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Memory in the Making: The Paintings of Megan Kyak-Monteith

Jan 30, 2020
by Britt Gallpen

Kyak-Monteith, a Halifax-based painter, builds rich, textural and evocative scenes through a collage-like technique that merges personal memories with those of others.

A massive midnight-blue whale sinks into wet sand. Its creamy pink interior slumps forward, revealed by small figures that carefully peel back incised panels of blubber. Atop the whale, a man in a brown coat lifts up a square of flesh—it makes me think of metal flashing or oversized roofing tiles. The crowds, gathered above and below, work quickly, while beyond them three small children play at the shoreline.

It is hard to fathom the magnitude of this creature and the smallness of these people, to fully comprehend this Gulliver of a whale amongst these Lilliputian figures. “The whale is a lot bigger than it would have been in real life,” explains artist Megan Kyak-Monteith. “I sized it up.” Kyak-Monteith, a Halifax-based painter, builds the rich, textural and evocative scenes visible in works such as Whale Hunt (2018) through a collage-like technique that merges personal memories with those of others, familial storytelling and additional image-based references. The process begins with the selection and writing of a memory before an intensive research phase that includes gathering information and imagery, after which Kyak-Monteith creates a photographic collage. This montage is then used as the basis for a series of sketches that guide the final painted image. “A lot of it is imagination,” explains the artist. “I don’t want it to be a painting of a photograph. It’s many photographs made to look like a memory.” Returning to the gargantuan whale, she explains its exaggerated size. “That’s how it felt when I first saw it. So when someone else sees this painting, they get that same feeling.”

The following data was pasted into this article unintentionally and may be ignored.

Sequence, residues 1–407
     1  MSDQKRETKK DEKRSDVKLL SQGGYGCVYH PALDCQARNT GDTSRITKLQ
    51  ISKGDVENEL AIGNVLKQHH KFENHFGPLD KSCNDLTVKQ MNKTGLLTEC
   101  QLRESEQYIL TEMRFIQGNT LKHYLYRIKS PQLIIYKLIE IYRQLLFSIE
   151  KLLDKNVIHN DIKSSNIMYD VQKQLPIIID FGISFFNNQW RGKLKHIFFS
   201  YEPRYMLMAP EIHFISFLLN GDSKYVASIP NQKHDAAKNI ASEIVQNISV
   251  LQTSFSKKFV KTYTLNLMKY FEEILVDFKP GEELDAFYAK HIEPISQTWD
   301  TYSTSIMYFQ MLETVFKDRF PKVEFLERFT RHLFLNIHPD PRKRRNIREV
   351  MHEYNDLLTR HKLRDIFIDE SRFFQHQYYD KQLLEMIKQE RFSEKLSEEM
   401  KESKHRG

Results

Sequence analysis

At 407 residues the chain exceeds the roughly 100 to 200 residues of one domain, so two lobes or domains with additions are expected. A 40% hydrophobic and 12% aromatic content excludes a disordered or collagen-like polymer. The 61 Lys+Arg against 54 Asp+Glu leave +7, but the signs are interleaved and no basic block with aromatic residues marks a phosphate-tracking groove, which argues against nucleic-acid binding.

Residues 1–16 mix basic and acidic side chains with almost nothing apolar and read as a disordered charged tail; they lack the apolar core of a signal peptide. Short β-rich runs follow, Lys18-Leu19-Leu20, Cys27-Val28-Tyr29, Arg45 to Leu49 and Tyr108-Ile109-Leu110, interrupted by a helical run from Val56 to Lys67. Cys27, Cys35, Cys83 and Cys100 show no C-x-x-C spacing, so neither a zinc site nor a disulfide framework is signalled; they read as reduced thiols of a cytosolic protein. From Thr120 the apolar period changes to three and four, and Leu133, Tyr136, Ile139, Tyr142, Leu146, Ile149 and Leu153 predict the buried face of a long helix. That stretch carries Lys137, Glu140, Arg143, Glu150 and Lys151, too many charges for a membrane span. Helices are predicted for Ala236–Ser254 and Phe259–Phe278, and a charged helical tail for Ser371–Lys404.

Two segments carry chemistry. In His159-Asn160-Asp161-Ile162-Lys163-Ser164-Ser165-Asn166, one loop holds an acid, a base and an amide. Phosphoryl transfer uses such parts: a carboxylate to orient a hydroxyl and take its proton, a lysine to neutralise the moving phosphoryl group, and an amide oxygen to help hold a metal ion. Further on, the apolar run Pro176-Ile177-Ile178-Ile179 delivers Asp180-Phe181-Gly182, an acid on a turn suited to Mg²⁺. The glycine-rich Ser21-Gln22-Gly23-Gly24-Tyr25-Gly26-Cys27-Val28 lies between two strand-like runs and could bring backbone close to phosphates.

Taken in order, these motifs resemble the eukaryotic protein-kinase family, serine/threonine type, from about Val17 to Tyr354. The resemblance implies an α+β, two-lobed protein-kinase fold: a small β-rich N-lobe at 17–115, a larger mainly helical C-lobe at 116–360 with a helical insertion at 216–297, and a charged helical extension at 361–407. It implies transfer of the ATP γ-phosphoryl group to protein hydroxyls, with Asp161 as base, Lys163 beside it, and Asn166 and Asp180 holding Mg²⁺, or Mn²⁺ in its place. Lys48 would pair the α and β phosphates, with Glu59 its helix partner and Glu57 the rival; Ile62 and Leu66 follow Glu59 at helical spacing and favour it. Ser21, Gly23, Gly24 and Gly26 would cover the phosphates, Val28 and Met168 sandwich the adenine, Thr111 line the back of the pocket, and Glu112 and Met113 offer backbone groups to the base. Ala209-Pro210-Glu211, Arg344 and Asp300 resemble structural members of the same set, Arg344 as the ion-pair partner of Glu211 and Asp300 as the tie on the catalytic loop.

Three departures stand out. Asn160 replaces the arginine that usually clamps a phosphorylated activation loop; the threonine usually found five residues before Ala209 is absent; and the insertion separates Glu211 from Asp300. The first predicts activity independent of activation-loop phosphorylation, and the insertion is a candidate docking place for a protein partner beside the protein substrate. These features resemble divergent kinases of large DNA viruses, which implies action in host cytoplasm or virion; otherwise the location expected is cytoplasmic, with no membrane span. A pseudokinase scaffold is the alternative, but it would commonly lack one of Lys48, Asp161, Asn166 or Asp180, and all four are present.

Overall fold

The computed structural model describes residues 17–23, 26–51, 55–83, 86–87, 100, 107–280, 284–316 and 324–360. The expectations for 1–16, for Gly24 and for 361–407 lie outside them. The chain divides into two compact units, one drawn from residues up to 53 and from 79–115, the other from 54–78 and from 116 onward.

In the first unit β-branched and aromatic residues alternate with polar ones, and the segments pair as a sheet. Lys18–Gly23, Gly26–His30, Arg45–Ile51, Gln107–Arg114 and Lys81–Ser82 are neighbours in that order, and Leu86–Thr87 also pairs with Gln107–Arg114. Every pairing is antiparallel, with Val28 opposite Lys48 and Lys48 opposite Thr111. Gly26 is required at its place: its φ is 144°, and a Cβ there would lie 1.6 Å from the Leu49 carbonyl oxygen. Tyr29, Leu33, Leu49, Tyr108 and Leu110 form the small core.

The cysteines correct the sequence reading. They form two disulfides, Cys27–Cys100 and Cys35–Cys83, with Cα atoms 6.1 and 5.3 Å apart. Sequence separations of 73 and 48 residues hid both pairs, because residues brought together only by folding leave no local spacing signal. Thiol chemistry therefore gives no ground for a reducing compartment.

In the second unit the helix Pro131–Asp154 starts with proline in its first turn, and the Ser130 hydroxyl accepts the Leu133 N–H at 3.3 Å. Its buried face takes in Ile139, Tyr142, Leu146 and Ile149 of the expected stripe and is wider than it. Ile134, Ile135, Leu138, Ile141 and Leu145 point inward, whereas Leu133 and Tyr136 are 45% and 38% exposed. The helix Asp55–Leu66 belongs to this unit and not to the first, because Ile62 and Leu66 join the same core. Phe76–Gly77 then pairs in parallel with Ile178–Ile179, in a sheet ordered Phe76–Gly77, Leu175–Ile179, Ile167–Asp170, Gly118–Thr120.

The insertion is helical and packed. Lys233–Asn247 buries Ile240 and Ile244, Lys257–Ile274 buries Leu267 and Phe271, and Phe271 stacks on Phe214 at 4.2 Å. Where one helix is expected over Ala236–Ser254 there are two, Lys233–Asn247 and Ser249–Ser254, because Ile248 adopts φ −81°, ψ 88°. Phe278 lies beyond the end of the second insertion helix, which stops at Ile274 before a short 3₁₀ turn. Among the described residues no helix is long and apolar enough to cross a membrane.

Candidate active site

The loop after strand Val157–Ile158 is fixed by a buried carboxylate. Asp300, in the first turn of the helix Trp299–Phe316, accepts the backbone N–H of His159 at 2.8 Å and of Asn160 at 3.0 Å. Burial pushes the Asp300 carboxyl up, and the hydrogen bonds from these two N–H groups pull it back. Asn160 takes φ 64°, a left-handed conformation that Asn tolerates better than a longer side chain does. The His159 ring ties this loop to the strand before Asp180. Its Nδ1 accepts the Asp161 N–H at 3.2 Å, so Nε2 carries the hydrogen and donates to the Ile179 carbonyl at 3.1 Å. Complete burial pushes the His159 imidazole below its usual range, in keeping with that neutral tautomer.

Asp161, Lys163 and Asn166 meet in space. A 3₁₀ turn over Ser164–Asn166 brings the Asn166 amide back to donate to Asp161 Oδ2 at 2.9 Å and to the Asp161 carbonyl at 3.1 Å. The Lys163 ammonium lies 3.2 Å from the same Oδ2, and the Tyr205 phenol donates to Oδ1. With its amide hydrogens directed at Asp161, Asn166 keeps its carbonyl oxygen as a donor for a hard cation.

Megan Kyak-Monteith
Kids Play in Paradise (2018) Oil 103.6 x 152.4 cm

This impulse to share a feeling permeates Kyak-Monteith’s work. Pooling in the deep folds of shadowed skin in Nude (2017) or emanating from the polar light cast onto exterior windows and walls in Kids in Play Paradise (2018), Kyak-Monteith’s paintings are arresting in their stillness and magnetic in their pull. Despite their creation as composite scenes pulled from numerous visual and non-visual sources, these dreamy, sometimes surreal images capture the North as a deeply personal site that refuses easy categorization. “I don’t want [my work] to be exclusively understood by people in northern communities,” says Kyak-Monteith. “For me, this is the ordinary kind of stuff, small things, like those houses or the whale. For someone who hasn’t seen a whale before, it’s like once you see it in the painting, I guess, then you can kind of imagine it.”

A fourth-year visual arts student at NSCAD University, Kyak-Monteith is poised for an exciting year ahead. Already she has secured gallery representation with Raven Art Gallery in Ridgeway, ON, and has plans to co-curate her first exhibition with fellow NSCAD artist Darcie Bernhardt. Beyond this, Kyak-Monteith is keen to pursue a residency abroad following her graduation in April 2019. “It could be interesting to experience art somewhere other than Atlantic Canada or the North,” says the artist. Regardless of the where, the what seems to be perfectly clear. “I want to [create works that] blend not just my memories but those of other people,” explains Kyak-Monteith. “I am thinking of also painting my grandma’s stories. She would tell me stories all the time and I would record them. I did a painting of one of them and it was so funny. It’s very sweet and difficult and fun trying to paint something from someone else’s memory or experiences. So I want to try doing [more of] that.”


Megan Kyak-Monteith
Nude (2017) Oil 121.9 x 91.4 cm

All quotes from Megan Kyak-Monteith taken from a telephone conversation with Ashley McLellan June 26, 2018.

This Profile first appeared in the Winter 2018 issue of Inuit Art Quarterly.

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